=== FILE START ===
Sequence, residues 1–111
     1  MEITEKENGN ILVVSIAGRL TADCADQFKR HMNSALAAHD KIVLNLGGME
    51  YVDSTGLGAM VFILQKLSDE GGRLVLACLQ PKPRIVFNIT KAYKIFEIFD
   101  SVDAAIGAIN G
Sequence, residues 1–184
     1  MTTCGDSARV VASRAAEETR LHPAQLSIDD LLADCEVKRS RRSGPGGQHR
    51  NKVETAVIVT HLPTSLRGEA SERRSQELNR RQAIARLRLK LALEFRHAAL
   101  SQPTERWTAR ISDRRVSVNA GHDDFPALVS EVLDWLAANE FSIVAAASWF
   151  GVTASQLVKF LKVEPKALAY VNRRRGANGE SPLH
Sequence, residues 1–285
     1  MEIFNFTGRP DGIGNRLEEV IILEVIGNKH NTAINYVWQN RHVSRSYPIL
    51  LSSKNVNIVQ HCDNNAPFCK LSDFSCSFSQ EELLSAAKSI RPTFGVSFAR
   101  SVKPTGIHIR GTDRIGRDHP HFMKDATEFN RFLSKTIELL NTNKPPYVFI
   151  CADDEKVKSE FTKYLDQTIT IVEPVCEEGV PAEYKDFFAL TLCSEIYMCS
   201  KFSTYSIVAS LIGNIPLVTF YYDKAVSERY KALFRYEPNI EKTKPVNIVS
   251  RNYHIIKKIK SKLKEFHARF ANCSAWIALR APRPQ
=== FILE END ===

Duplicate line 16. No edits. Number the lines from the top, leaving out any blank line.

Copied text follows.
   251  RNYHIIKKIK SKLKEFHARF ANCSAWIALR APRPQ